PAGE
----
Starting out

Discussion in 'General Gallery' started by blaze519, Feb 8, 2017.

  1. blaze519

    blaze519 TPF Noob!

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    Hello everyone

    I recently (last week) started a new hobby, as you can geuss i want to learn to take pictures. My sister bought a pretty OK camera several years ago but never really used it so to get my hobby strated i used her camera. It is a nikon coolpix p500. To start off i went to the sea with just one goal, get a few sharp pictures. After reviewing the pictures i realised ofcourse that most of the pictures wern't scharp at all. Why do you guys think my photo isn't sharp? I think that most of them are just motion blur but maybe I am just missing a lot of things. Can you help me out?

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    settings i used :

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    setting i used :

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    Thanks for helping me out :p and have a great day

    Greetings Brecht


     
  2. photo1x1.com

    photo1x1.com No longer a newbie, moving up!

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    Hi Brecht and welcome to the forum.
    It is a little hard to tell from the small images - do you have bigger ones or are these crops from the original?
    Is "Brandpunsafstand" the same as "focal length""?
     
  3. blaze519

    blaze519 TPF Noob!

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  4. Designer

    Designer Been spending a lot of time on here!

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    The long shots of boats are shot at the practical limit of hand-held shots using that particular lens. You should learn to hold the camera very steady, and use a faster shutter speed.

    The shrub is sharp due to a combination of the shorter focal length and faster shutter.
     
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  5. photo1x1.com

    photo1x1.com No longer a newbie, moving up!

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    Designer seems to be right - there is some slight camera shake. How camera shake is introduced is a long story.
    To avoid that you usually should go for a shutter speed of 1/focal lenght for handheld shots. That focal length though is calculated for a full frame sensor. In your case, the sensor is much smaller so you first would have to calculate it using the so called crop factor. For Sensors like yours (1/2.3"), that would be roughtly 5,6 (check this graph). The focal length you used for these two shots was 144mm - multiply that with 5,6 and you´ll get roughly 800 - so you´ll need a shutter speed of 1/800th to get a sharp image without camera shake. This is just a rule of thumb because some people manage to hold their cams steadier than others.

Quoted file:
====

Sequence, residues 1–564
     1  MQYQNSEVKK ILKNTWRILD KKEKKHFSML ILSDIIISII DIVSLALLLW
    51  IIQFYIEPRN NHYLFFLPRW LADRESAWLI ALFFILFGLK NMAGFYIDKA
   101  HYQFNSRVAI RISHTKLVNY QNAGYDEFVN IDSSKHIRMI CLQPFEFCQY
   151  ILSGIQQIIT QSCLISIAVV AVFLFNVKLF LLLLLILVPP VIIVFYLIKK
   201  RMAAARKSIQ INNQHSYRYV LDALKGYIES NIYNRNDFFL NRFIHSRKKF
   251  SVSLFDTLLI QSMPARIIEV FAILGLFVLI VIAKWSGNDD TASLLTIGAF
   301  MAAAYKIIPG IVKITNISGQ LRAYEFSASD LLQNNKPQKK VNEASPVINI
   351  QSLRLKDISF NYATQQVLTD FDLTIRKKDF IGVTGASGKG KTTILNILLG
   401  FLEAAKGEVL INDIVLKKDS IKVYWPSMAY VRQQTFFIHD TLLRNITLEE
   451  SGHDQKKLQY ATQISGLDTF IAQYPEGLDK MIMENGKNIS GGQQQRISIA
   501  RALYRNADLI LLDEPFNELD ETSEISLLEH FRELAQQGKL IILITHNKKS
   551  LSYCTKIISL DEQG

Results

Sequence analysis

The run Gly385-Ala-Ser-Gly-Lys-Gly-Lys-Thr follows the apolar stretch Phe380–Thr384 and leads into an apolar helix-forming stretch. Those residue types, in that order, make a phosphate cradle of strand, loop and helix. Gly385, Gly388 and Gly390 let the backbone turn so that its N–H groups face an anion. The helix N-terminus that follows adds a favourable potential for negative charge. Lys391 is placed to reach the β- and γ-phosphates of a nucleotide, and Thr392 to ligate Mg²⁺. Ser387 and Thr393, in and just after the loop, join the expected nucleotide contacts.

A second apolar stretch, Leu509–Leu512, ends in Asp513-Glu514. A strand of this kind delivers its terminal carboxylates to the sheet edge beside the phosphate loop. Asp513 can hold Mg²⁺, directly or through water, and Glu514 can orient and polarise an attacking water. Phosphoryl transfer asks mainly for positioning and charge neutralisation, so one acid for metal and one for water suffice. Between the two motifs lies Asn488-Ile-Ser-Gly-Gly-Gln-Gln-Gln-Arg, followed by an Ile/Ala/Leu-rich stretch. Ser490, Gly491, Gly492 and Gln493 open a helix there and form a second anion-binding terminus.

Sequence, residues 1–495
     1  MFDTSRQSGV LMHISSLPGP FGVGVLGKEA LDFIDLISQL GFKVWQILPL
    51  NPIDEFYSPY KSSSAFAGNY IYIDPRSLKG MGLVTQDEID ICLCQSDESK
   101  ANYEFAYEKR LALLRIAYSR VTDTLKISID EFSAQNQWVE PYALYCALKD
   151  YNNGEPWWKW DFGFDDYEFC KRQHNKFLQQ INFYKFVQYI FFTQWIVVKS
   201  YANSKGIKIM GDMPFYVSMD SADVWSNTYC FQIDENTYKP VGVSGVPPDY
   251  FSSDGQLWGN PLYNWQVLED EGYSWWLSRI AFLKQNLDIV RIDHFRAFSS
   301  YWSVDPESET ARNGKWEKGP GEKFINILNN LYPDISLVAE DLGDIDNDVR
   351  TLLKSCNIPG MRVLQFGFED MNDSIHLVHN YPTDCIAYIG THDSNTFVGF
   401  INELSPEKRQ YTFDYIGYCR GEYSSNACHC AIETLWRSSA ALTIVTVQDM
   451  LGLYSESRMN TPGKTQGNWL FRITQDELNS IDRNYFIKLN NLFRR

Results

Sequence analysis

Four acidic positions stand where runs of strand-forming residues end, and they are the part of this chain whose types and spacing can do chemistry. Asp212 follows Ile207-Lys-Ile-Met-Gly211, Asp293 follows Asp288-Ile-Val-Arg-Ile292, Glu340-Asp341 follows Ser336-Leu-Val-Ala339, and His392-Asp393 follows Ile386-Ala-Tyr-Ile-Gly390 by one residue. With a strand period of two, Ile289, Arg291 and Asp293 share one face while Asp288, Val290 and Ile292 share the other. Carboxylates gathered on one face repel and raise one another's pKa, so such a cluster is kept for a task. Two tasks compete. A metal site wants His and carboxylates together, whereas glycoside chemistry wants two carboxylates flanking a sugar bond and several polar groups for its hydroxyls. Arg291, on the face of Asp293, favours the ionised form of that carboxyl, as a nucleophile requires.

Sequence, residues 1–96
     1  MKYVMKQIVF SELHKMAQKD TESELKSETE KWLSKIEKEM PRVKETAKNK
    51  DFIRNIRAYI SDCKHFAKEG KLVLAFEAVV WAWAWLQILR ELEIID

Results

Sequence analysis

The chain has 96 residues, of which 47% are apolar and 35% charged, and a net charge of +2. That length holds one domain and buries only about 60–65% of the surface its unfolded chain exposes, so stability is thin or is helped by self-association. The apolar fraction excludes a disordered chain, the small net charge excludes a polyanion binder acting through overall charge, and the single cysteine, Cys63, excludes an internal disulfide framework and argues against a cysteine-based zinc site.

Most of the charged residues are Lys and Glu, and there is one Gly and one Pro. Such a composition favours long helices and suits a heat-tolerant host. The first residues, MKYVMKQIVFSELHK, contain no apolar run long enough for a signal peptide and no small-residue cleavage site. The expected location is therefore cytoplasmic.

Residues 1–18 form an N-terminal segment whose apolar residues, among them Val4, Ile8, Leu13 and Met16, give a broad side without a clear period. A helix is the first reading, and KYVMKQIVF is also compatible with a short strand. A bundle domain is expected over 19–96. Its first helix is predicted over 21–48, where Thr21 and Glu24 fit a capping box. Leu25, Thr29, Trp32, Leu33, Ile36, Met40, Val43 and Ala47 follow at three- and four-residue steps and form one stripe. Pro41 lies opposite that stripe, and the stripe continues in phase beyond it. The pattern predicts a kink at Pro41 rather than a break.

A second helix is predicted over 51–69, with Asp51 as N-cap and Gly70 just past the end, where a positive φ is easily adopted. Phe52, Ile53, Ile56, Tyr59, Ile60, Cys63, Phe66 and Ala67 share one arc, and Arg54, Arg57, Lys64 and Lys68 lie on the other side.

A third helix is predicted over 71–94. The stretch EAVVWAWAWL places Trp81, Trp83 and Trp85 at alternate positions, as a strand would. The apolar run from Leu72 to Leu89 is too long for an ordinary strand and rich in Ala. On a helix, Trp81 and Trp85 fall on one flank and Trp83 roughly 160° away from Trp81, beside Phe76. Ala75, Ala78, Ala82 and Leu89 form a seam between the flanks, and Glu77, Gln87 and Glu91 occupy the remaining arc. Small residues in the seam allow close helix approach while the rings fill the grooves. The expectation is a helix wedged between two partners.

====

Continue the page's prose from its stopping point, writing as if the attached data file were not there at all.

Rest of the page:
In general your camera is OK to start with, but of course the small sensor has its limitations.
    Did you set the jpg image quality to the best possible option? Especially the bush, but also the others seems to suffer from compression artifacts which is often due to the image quality settings in camera.
     
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  6. blaze519

    blaze519 TPF Noob!

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    Thanks for replying and yes hte quality settings was on the best option but maybe by importing them to google photo's they may have been compressed
     
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  7. dasmith232

    dasmith232 TPF Supporters Supporting Member

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    In addition to the other factors (above) that affect image quality, the P500 is a "super-zoom" camera, which is actually a super-zoom lens. Super-zoom sounds like a great thing, like superman. Who wouldn't want a superman lens?

    The problem is that there is no superman lens. More zoom requires more pieces of glass and more movement among those pieces. You can create a sharp lens with lots of pieces of glass, but the position, size and placement of those pieces of glass need to be super, super precise. With more movement in a lens (like a super-zoom), there is no way to avoid losing sharpness.

    This is why the professional-grade lenses don't zoom very far. A professional photographer will have one lens that goes from 24 mm to 70mm, and then a separate lens that goes from 70mm to 200mm, and then even more lenses... You get the idea. That's because by keeping the range low, the quality can be higher.

    A super-zoom lens simply can't be as sharp.
     
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